It’s actually very simple. You’re not telling them how they can profit from spending money on your services.
It’s incredibly important to show your clients how you can make them money.
This is especially true if your clients aren’t aware that that they even need you.
If you approach a car dealership with a website design pitch, do they even know they could earn upwards of $2,000 extra each month just by having online presence that’ll direct people to their dealership?
Or do they just know that you’re designing websites?
This is where good market research comes in hand, too.
Understanding your market and your clients’ market will help you structure a value proposal that will immediately show clients how they’re profiting by spending money on your services.
We already talked about how important it is to tailor your pitch to your prospects’ needs. So when you’re talking to your friends and family, don’t be mystical.
Don’t use industry lingo only you understand. Clients want a website, and most of them don’t know the difference between Joomla and WordPress.
If you’re a website developer, explain what you do (“I make great websites that attract new clients, even for small businesses.”). Show the immediate benefits, and get to talking with your friends and family.
Chances are, they’ve been talking about your freelance role in vague terms if they don’t understand how your clients profit from your services.
But if you tell them: Hey, I make awesome websites/logos that make new customers stop and buy, they’ll be more willing to give you a referral.
And always – always – follow up with a verbal call to action such as:
Friends and family can help you get more clients just by knowing more people than you. You don’t have to be salesy – just start spreading the word that you’re a reliable person.
And speaking of reliability…
A great place to start finding local clients are businesses you often visit. Corner stores, bakeries, coffee shops…
These people already know you. And if you’ve left a good impression, they’ll always be more likely to take your advice and ultimately, work with you.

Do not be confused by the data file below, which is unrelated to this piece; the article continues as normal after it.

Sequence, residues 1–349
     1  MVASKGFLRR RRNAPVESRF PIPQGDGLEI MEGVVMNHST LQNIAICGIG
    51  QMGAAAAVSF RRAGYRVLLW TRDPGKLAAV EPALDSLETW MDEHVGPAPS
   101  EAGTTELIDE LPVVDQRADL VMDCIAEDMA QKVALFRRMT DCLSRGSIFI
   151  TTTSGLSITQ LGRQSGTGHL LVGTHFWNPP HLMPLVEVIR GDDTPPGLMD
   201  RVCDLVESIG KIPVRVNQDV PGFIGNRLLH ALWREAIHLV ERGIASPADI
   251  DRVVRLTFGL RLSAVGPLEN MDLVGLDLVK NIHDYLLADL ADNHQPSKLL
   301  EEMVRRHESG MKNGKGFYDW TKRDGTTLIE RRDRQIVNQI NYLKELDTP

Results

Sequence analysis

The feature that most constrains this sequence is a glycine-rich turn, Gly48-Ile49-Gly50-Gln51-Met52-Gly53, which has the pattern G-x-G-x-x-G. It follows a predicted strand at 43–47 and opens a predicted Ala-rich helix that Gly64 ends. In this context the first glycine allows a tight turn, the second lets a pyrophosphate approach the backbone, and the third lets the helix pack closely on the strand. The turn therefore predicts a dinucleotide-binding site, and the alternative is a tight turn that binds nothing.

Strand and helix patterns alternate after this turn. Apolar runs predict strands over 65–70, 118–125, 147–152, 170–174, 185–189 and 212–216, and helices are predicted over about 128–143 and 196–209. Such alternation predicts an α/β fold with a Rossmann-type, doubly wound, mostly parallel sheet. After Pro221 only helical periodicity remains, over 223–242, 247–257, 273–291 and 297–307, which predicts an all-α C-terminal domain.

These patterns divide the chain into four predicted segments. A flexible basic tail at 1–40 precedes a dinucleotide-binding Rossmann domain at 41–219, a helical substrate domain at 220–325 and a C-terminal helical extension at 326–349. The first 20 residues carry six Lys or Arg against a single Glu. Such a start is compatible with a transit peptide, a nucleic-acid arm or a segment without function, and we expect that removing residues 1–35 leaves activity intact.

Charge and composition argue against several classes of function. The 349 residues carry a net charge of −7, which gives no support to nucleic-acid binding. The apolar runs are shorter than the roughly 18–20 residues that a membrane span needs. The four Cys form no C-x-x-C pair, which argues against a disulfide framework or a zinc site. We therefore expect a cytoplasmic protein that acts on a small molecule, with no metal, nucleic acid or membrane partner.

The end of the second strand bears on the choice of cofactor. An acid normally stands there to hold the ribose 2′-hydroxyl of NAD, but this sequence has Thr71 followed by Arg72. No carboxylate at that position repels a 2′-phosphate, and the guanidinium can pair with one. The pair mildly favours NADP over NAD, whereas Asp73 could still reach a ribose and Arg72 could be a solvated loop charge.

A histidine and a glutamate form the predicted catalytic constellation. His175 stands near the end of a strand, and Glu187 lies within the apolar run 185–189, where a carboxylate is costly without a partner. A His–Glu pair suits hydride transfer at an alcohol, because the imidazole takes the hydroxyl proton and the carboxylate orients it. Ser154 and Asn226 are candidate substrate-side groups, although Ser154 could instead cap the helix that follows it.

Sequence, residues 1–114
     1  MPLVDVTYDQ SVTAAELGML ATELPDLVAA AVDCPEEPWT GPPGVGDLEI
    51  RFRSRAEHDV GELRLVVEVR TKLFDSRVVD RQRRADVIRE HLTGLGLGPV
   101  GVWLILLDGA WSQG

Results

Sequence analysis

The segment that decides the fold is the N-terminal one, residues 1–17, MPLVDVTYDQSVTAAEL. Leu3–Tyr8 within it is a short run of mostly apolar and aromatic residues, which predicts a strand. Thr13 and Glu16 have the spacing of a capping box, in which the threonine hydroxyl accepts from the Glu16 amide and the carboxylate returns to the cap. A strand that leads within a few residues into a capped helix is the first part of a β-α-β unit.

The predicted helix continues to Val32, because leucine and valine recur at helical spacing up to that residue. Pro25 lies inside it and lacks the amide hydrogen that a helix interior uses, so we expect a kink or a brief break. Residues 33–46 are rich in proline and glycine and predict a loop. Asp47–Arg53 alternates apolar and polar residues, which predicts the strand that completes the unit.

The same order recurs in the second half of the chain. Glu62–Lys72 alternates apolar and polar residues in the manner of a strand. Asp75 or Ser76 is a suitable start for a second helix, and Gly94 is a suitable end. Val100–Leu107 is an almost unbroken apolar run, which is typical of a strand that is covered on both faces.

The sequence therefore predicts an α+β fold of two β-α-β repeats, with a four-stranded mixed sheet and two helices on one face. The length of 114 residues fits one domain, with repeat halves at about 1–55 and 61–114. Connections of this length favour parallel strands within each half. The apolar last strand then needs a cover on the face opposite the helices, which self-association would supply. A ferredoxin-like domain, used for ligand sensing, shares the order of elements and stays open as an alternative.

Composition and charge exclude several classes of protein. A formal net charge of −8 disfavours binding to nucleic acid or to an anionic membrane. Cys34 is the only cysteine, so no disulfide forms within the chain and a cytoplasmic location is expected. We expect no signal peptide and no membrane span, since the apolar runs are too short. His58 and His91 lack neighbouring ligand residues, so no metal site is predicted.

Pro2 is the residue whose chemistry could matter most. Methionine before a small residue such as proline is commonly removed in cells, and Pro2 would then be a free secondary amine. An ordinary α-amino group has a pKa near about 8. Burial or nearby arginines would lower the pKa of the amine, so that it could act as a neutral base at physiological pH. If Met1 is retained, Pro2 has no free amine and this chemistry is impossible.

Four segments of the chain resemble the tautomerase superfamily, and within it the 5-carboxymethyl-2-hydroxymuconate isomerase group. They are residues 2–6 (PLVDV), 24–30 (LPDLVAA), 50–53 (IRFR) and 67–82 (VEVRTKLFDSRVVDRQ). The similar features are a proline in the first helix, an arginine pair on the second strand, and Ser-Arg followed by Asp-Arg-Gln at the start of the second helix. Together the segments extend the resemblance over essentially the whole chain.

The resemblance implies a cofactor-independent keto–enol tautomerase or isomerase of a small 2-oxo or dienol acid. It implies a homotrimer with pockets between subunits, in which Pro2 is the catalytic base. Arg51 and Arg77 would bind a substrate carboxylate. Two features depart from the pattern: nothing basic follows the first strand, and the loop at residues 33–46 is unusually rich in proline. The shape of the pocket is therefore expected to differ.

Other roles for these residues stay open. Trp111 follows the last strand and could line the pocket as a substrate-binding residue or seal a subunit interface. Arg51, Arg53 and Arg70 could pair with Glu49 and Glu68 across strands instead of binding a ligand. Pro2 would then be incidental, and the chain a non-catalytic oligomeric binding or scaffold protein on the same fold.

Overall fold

Get to talking with the owners. Listen to what they’re saying and what their needs are. If their needs fit your area of expertise, offer your services.
A good way to get started with finding new clients using your local network is by checking out businesses’ websites (if you’re a web developer) and finding things that could be improved.
Just because they have a website already doesn’t mean that their website can’t be even better.
Local communities often rely on trust. And just like you should be likable and chatty with the business owners whose locales you frequent, you should do the same PR-wise.
Because word spreads fast in communities. And no matter what outbound marketing tactics you use, there’s nothing like word of mouth to generate new business.
You can stimulate that by becoming a local resource in ways such as:
When it comes to giving your services away for free, be careful. There’s a big difference between doing some web development or graphic design work for non-profits, and not charging the services you provide to for-profit businesses.
Your goal here is to become synonymous with your industry so people naturally refer each other when they have a need for your services.
When it comes to finding new clients using your local network, there’s nothing like partnership.
Partnerships with other businesses can be as simple as cross-advertising: they leave their cards at your business, and you leave your card at theirs.
However, you can also organize a promotion.
For example, let’s say you partnered with a dentist’s office. If someone pays you to make a website for them, they can receive a discount at the dentist’s office, and vice versa.